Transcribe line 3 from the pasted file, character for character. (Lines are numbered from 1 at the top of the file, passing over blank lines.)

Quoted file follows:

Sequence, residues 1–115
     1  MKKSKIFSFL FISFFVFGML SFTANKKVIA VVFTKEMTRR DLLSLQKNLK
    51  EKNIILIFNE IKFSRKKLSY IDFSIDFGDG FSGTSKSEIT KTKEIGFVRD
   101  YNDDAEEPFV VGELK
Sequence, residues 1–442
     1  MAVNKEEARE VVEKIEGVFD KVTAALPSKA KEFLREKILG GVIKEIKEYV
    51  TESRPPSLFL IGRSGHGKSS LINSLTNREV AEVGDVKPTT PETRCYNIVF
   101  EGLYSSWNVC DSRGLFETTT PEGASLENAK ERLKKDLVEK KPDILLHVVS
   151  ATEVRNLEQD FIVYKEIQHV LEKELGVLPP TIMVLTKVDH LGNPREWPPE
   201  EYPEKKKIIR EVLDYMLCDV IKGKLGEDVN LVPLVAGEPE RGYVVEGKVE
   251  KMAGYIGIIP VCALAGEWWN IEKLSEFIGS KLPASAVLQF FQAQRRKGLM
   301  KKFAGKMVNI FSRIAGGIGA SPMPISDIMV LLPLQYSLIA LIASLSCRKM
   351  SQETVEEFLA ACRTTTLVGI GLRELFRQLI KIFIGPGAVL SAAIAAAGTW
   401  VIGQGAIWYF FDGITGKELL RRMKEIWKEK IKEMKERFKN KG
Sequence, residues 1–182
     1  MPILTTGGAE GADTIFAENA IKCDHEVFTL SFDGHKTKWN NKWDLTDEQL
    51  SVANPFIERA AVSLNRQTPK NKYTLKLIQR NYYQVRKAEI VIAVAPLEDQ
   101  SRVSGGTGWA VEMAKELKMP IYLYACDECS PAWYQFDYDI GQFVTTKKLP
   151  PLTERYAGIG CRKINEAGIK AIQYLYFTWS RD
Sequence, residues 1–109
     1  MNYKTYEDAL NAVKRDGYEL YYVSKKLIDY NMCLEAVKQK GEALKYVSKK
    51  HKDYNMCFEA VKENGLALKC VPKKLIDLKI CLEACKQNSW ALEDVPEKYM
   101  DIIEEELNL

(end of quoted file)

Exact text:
    51  EKNIILIFNE IKFSRKKLSY IDFSIDFGDG FSGTSKSEIT KTKEIGFVRD